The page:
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The 15 most unusual words you’ll ever find in English

Some expressions in English sound plain weird. Discover fifteen English words that you had never heard before.

Among the million words that the English language supposedly includes, some of them sound very strange, others words are written in an unexpected way. Of course, it will become easier to write an essay with the most unusual words if you know how long a 500 words essay is. Moreover, these words are never taught in an English language class. Here are the fifteen most unusual words you can find in the English language.

1. Serendipity

This word appears in numerous lists of untranslatable words and is a mystery mostly for non native speakers of English. It refers to a happy and unexpected discovery or event.

2. Gobbledygook

The word was invented by Maury Maverick —a United States politician— and was first used in 1944 when he gave a speech to describe a text riddled with official jargon and extremely complex sentence structures.

3. Scrumptious

This word is practically an onomatopoeia and refers to a delicious dish.

4. Agastopia

If you are familiar with ancient Greek roots, the meaning of this word should be clear… It expresses fascination or love (we could even speak of fetishism without mincing words, much less in an article like this) for a particular part of the human body. It first appeared in this book: Depraved English. You may not find it in a dictionary.

5. Halfpace

It is a landing, certainly, but not just any landing. It refers to that small landing at the top of a flight of stairs where you have to turn and take another flight of stairs whether going up or down.

6. Impignorate

Why make life difficult when it could be easy? One could say “to mortgage” or “to hypothecate”, but not “to impignorate”. This word certainly has all the charm of another era that truly makes you want to pawn something…

7. Jentacular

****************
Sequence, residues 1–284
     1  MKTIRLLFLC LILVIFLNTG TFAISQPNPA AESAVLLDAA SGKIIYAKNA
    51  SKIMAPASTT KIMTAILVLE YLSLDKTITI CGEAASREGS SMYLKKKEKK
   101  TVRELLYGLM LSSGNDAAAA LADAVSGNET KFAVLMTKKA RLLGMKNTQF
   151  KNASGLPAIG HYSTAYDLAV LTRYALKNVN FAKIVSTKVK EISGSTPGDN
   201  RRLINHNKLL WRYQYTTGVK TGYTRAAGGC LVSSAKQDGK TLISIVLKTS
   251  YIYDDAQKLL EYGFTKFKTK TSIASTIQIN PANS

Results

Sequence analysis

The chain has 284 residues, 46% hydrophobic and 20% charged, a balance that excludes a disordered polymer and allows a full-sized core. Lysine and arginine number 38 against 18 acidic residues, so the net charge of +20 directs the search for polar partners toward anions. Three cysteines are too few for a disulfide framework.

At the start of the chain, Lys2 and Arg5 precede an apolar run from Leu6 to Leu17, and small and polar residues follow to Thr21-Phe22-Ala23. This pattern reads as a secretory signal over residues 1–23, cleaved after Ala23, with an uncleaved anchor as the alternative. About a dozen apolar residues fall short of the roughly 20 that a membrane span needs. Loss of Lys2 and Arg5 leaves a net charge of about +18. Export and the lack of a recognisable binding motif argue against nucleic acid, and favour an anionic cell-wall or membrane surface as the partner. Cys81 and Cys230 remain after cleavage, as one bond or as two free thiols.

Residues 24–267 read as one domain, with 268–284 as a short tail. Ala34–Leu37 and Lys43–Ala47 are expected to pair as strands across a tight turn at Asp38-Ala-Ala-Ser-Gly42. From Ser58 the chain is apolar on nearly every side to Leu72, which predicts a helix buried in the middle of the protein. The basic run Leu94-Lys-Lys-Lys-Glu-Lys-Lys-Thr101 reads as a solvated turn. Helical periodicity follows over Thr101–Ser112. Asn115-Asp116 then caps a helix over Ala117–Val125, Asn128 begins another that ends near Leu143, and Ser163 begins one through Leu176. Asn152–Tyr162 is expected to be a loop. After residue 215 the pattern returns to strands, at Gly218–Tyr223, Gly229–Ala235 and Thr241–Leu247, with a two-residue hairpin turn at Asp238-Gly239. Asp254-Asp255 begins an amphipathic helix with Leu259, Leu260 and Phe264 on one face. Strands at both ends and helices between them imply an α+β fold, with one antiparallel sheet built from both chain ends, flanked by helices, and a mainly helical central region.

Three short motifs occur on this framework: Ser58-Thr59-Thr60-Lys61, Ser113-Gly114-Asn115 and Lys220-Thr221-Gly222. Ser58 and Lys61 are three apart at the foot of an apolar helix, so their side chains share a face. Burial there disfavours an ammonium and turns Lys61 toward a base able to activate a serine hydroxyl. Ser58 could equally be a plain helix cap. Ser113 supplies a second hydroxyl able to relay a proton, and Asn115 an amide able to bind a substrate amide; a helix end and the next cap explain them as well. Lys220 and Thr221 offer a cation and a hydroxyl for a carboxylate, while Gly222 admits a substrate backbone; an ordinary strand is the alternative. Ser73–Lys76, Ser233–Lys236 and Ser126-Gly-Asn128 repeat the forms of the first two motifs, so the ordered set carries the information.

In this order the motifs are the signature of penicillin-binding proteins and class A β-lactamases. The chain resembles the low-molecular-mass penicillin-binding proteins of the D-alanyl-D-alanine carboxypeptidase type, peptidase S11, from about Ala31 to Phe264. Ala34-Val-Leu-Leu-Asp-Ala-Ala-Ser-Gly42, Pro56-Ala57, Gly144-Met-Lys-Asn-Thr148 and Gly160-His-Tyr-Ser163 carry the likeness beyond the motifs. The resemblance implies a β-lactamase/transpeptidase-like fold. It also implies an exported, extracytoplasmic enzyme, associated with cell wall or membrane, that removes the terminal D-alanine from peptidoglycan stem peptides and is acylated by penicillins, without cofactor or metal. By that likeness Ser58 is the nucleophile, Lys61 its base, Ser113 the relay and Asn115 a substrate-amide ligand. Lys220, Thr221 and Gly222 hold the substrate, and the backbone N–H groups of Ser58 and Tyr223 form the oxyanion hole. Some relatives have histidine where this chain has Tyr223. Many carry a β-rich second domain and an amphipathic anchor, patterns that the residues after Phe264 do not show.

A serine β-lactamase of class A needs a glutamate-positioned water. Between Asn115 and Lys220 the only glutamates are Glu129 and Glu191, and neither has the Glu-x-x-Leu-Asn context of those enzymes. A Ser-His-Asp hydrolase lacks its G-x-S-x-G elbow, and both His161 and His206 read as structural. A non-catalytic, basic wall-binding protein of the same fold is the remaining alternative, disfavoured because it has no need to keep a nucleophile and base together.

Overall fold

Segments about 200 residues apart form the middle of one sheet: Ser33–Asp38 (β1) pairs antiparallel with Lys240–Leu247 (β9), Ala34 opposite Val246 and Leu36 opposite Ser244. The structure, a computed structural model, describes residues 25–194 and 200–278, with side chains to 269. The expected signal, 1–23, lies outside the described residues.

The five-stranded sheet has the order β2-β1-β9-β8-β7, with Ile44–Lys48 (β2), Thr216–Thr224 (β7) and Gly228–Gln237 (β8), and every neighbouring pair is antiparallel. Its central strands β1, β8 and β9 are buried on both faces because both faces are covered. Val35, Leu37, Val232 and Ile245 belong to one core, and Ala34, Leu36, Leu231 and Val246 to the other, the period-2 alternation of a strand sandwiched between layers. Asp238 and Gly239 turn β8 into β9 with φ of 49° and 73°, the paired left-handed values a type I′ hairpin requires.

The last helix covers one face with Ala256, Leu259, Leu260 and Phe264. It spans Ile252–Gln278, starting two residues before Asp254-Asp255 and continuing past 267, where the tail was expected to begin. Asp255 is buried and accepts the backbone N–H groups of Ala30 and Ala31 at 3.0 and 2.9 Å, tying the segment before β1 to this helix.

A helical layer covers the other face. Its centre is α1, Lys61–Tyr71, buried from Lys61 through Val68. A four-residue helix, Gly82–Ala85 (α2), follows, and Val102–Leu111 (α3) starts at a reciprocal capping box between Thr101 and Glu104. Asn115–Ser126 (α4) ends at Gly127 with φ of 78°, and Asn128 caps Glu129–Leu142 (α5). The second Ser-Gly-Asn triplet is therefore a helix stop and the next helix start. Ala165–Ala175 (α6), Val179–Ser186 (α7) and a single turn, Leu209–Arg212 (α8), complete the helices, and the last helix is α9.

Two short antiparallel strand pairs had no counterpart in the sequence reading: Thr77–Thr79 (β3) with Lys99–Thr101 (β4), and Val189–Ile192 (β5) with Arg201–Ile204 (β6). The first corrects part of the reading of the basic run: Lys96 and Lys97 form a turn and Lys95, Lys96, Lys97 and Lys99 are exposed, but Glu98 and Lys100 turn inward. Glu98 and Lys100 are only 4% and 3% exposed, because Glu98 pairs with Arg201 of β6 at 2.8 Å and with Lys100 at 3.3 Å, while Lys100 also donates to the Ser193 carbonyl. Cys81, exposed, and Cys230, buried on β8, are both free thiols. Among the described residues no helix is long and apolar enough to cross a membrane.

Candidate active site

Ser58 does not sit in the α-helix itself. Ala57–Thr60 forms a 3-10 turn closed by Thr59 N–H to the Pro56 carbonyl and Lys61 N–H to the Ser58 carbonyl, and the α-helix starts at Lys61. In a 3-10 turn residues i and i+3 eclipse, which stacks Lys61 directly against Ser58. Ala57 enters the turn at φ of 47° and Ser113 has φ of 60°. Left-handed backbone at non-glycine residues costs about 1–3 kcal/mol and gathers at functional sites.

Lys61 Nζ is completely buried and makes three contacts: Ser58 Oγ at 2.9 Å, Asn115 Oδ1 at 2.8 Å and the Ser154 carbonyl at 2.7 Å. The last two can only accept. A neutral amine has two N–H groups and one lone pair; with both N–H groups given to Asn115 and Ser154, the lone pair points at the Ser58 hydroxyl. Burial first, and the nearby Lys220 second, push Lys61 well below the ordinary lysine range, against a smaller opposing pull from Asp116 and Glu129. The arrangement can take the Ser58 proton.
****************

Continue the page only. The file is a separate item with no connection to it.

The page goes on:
When you are getting out of bed in the morning, if you are offered a “jentacular” cup of tea, don’t be offended: it means just about anything (in this case, tea) related to breakfast.

8. Nudiustertian

To make it simple, the word nudiustertian refers to two days ago (that is to say the day before yesterday). Unfortunately, it has fallen into disuse, although it is far more melodious than the day before yesterday.

9. Quire

You surely must have, at one time or another, wanted to order in English 24 or 25 sheets of paper without having to say “I would like 24 or 25 sheets of paper, please”. Right? Problem solved: Ask for a quire.

10. Yarborough

Another particularly useful term for daily life, especially if you play bridge, in which case you may already be familiar with it. At all events, you probably know that unpleasant feeling of having a hand where no card is higher than 9. That’s a yarborough hand.

11. Tittynope

Let us be precise: the scattering of crumbs left on one side of the plate, the few grains of rice sitting at the bottom of the bowl, the few drops remaining in the glass, are not mere leftovers and dregs. They are tittynopes.

12. Winklepicker

If someday you ever manage to prepare mollusc skewers using pointy shoes, this will illustrate perfectly the sense of a winklepicker. Not clear about this yet? Winklepickers are shoes with such a sharp point that they evoke the utensils used to prise winkles from their shells.

13. Ulotrichous

It’s always the same story: men and women who are ulotrichous don’t want it this way while those who are not, would like it to be this way. Of course! Ulotrichous refers to people with curly hair.

14. Kakorrhaphiophobia

If you suffer from this, then you would very much rather not have this word appear in a spelling bee, since it describes the fear of failure.

15. Xertz

Who would have imagined it? This is not the name of the villain in a bad science fiction movie, but the act of gulping something down in haste. Another word that you may not find in a dictionary.

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This article has been written by Mathieu

Mathieu was born in the French-speaking part of Switzerland. After studying Literature and Linguistic Research, he moved to Argentina where he is currently a translator and a web editor.